When contemplating an acquisition, it can be easy to imagine synergies. These notions are often vague, like “our product range and their distribution channels.” Vague ideas are guaranteed not to live up to expectations. Other times, it can be easy to think the numbers are the story — such as a large customer overlap. On a spreadsheet, you might convince yourself that this will enable the sales forces of the two companies to be combined and streamlined, producing a large cost savings with no loss of sales. Unfortunately, this perspective presumes that the elements and people in the companies can be combined as readily as the rows in a spreadsheet. This never works as well as imagined.

Don’t break it. It’s critical to realize that a great company is a living organism; it has a culture that is driven by a consistent set of values, often articulated as guiding principles. These are considered important enough that they are heavily weighted in reviews and recruiting, and they are practiced intentionally by executives. And even if key values at two great companies appear to be similar, they may differ substantially in application. If you imagine combining those lists, it’s easy to see how the culture can fall apart following an acquisition with synergistic drivers. Culture is a little like Humpty Dumpty: when you have a great one, it’s really important not to break it.

Beware the “incomplete.” Another way to fail is to look for a company that “needs” something. A company that is “incomplete” — whether due to a management failure, a crisis or simply not having had enough time to find its way to maturity — might be acquirable at a bargain price but it won’t suddenly become whole. The idea that you will be able to fix a broken company just by acquiring it is a vain one, and you’ll have a low probability of succeeding.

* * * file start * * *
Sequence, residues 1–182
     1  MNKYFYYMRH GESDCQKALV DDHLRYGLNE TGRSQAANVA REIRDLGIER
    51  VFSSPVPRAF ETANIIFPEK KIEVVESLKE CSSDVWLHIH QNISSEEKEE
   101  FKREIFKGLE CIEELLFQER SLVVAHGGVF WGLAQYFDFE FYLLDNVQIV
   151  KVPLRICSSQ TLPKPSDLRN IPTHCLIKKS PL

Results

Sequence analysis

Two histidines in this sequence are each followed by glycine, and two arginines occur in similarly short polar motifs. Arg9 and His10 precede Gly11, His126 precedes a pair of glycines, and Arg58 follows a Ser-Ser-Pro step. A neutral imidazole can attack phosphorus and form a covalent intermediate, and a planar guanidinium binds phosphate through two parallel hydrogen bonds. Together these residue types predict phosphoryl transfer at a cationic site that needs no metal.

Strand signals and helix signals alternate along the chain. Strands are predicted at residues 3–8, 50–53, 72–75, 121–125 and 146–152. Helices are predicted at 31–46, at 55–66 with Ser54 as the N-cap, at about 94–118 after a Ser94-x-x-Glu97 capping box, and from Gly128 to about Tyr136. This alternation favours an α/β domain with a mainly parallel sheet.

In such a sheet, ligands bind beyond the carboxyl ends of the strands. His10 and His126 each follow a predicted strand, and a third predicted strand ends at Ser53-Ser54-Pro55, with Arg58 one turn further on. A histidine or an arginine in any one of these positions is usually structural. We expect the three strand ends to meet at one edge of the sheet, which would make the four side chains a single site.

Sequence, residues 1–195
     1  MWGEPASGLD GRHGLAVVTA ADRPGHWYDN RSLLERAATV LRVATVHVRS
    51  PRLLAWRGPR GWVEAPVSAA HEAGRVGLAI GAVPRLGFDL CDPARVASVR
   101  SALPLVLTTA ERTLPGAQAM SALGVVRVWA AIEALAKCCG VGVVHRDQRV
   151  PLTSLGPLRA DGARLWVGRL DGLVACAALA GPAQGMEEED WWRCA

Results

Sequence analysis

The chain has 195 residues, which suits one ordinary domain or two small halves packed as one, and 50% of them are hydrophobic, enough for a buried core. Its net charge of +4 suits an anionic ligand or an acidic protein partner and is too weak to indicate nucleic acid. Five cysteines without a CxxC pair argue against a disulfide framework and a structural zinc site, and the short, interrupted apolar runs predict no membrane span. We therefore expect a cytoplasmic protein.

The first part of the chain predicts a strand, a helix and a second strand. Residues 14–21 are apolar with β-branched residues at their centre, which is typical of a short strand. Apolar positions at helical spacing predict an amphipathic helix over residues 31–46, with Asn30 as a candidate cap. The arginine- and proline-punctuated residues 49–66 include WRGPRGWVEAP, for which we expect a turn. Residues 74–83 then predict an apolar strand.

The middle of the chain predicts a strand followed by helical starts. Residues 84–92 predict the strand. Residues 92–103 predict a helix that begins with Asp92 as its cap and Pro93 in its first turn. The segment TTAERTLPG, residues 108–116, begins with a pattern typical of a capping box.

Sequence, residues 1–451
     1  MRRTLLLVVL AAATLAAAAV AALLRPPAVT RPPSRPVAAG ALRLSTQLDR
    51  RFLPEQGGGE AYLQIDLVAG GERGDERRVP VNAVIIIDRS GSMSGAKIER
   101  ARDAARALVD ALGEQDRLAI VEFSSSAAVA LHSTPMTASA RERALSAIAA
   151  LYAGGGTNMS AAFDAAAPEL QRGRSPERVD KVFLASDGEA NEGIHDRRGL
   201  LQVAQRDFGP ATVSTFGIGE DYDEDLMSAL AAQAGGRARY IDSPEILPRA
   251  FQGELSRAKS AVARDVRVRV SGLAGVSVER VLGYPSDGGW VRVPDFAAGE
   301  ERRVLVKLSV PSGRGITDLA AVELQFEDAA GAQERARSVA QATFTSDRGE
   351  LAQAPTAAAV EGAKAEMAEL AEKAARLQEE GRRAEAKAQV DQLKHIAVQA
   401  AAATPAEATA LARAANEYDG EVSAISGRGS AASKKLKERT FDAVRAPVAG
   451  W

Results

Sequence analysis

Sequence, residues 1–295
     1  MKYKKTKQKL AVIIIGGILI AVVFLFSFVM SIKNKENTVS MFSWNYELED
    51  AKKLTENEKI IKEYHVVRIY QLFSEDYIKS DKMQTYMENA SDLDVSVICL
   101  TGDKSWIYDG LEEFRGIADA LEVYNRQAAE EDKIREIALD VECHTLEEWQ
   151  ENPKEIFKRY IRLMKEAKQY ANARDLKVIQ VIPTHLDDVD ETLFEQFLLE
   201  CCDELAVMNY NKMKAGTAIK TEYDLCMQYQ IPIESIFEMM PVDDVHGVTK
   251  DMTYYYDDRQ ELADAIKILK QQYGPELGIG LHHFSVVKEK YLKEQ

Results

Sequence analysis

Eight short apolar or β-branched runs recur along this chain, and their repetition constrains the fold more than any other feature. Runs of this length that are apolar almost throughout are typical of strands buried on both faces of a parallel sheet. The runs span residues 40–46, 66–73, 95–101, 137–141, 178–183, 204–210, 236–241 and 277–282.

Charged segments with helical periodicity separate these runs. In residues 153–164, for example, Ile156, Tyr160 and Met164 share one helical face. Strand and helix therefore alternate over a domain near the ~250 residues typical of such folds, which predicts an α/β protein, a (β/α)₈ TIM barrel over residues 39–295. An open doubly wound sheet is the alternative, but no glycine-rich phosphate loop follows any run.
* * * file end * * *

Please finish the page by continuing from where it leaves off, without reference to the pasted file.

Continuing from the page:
Let’s look at success. How do you make a great acquisition? I think in terms of these things:

  1. Accretion. Make your plan based on accretion rather than synergies. This means that the business you are thinking of acquiring can stand next to yours and continue to operate, while benefiting from the resources you bring to it and returning value to your company as the owner. Where there are overlaps, seek ways to benefit from them that don’t involve combining the spreadsheet rows, and be willing to move slowly.
  2. Functional. Seek out firms that are well run. Look for firms that are highly functional, that don’t “need” anything. Being highly functional will also increase its ability to make big gains from the things you can bring the company, like growth capital or faster access to new market segments.
  3. Culture. Look for a strong, principle-based culture. This is one of the key clues that you’re looking at a great company, one that can thrive in the challenges of evolving markets and changing customer needs. When you’re lucky enough to acquire a firm with such a culture, do everything you can to keep it intact.
  4. Adding up. The numbers have to work for everyone. It’s possible for either side to bring unrealistic expectations.

Acquisitions are challenging. My successes always involve great management teams that are running healthy companies. I am surrounded by a superb team who contribute their expertise during due diligence. Finally, I recognize that every deal has limits. However appealing it might be, becoming emotionally attached leads to bad decisions. If something we’re considering falls down on any of the four principles I listed, we simply don’t do the deal. There will always be other opportunities.